Dochula Pass, Bhutan

>> Use it !

Picture of the page in action.

The default arrangement for this picker is still shape-based (though with some small improvements), but I have added a new view that is arranged by sound.

Update: After some initial feedback, I decided to change the phonic view of the picker so that vowels are entered by single click. This will probably disconcert people familiar with typing Thai. Revised description follows.

Another update (2008-03-03): I have added additional ways of viewing the characters, and re-architected the picker as a basis for extending this to other pickers in the future. I also changed the way of dealing with initial clusters in the phonic view. I changed the text below again to reflect what’s new:

Alphabetic view By default, characters are arranged by groups, and consonants and vowels are listed in alphabetic order. Digits are in keypad order. Obsolete and rare characters are only displayed if you click on the grey arrow, top right. Similar characters are highlighted by default, but this can be switched off using the ‘Hint’ selector.

Comparison view This was the original view for the Thai picker. Characters are grouped by shape or type to enable easy identification by people who are unfamiliar with the Thai script. Vowels are shown near the bottom. Digits are on the right, in keypad order.

Phonic view Characters are grouped and ordered by sound. I set this up for myself, because I wanted to enter Thai text that was accompanied by a transcription.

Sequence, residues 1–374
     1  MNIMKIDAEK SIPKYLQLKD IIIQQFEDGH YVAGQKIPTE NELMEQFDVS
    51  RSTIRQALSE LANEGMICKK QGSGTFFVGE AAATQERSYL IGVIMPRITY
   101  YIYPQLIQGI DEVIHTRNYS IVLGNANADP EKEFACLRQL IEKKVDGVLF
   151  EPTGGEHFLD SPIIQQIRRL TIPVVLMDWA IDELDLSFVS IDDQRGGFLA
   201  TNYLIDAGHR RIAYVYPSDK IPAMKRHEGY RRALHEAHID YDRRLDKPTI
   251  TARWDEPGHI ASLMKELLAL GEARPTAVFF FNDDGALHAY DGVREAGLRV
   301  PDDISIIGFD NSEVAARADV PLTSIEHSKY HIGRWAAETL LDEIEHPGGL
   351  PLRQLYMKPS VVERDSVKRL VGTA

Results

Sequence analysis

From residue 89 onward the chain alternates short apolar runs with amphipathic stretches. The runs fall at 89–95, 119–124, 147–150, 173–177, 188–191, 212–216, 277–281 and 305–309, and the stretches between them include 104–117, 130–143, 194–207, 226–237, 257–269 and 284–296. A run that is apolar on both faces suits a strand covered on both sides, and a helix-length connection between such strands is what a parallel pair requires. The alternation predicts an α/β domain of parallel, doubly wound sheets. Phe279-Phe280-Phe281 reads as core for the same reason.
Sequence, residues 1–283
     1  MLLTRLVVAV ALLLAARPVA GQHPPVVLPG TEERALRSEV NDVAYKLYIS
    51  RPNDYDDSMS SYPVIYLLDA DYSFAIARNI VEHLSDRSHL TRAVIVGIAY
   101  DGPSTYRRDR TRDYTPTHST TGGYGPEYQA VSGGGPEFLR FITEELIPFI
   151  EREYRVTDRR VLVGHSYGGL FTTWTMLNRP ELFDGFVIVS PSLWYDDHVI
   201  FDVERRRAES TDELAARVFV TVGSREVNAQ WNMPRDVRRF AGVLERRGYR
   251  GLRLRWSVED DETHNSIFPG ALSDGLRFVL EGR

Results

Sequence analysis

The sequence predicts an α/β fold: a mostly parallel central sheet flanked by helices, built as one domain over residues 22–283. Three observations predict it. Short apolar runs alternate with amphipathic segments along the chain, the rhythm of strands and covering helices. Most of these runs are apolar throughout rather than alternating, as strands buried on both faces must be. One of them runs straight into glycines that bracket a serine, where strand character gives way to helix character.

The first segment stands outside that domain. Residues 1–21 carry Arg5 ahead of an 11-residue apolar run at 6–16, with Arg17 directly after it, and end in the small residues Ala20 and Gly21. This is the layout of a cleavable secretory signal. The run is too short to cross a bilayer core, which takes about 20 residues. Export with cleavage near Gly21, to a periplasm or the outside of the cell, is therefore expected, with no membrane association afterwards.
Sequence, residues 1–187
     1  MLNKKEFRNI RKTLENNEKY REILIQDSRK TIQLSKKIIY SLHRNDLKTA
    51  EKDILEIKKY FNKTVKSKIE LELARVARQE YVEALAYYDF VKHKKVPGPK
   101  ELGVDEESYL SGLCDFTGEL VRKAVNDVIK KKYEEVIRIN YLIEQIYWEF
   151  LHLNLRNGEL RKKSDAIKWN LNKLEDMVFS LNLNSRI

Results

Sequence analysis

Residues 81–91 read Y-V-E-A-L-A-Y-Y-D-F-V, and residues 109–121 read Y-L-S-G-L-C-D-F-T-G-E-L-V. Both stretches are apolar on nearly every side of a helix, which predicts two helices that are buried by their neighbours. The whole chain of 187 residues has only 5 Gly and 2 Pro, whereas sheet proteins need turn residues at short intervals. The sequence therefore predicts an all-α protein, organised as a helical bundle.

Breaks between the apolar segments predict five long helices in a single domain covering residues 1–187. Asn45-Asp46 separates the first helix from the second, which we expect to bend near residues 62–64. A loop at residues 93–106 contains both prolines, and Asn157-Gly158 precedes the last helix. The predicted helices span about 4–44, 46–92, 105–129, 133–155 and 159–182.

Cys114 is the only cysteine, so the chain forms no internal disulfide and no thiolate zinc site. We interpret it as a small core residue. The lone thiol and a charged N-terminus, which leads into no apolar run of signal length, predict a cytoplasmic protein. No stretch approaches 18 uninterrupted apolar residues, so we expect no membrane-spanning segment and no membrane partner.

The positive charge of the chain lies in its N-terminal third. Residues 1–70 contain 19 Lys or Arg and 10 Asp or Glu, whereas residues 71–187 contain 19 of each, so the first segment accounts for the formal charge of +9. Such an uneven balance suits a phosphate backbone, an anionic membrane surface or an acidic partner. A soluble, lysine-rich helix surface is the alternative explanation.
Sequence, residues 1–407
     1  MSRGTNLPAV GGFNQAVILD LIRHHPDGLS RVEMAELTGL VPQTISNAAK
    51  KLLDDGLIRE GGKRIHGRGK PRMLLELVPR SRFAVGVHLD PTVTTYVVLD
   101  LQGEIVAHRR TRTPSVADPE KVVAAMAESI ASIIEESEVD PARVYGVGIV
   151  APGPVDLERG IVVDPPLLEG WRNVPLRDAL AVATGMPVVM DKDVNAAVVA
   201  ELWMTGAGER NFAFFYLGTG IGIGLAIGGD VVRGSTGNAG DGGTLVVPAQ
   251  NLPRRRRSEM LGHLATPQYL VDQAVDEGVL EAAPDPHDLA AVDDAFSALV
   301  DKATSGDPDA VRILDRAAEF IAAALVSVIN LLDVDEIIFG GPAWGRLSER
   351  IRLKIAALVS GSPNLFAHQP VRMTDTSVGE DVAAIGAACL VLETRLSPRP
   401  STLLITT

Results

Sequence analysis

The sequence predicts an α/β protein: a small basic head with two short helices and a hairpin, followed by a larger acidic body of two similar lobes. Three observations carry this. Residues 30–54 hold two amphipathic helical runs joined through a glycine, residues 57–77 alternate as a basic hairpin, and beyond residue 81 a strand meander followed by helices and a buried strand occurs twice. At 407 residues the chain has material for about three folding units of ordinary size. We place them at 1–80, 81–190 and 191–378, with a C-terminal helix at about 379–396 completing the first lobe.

Initial consonants are followed by tones and consonants that come second in a cluster, then vowels. Alternatives with the same sound are separated by a red dot. Consonants that have different sounds when word final are also listed under those sounds. (Dropped aspiration is not considered significant.)

Dashes representing consonants indicate which vowels are non-final or occur before the consonant.

Where a vowel has a part that comes before a consonant, a single click should arrange the parts properly. This behaviour speeds up typing. It may not be so intuitive to people familiar with Thai, however, since it makes Thai behave like Khmer and Indic scripts. You should add any tone mark before the vowel and the picker will automatically reorder characters as needed.

If you want to wrap text around a combination of two syllable-initial characters, type the characters then click on ‘flag as cluster’ before clicking on the tone mark or vowel.

Font grid view Shows characters in Unicode order, using whatever font is specified in the Font list or Custom font input fields. This allows comparison of fonts (especially useful in IE, which shows if a glyph is missing from a font).

You can start up directly in any one of the above views by appending the following to your URI: ?view=, followed by one of, respectively, alphabet, comparison, phonic or fontgrid.

Enjoy.

>> Use it !

Picture of the page in action.

This latest picker includes characters used for writing Vietnamese. Characters are taken from various Latin Unicode blocks.

Tones are separated from base characters in the selection area, but the output you create is always fully precomposed. If you copy and paste text into the output area, you can normalize the Vietnamese text as NFC by selecting the tab below. The Vietnamese text in the output area is also normalized when you select one of the transcription tabs.

The tabs IPA N and IPA S tabs provide a basic, mostly phonemic-level, transcription of the pronunciation. N means North Vietnamese, S is for South. The sources I used for this varied a great deal, particularly in the choice of symbols to represent vowels. There are also more than two main dialects. So this is a synthesis and a rough guide. Some rare vowel combinations may be missing, although I have covered quite a number.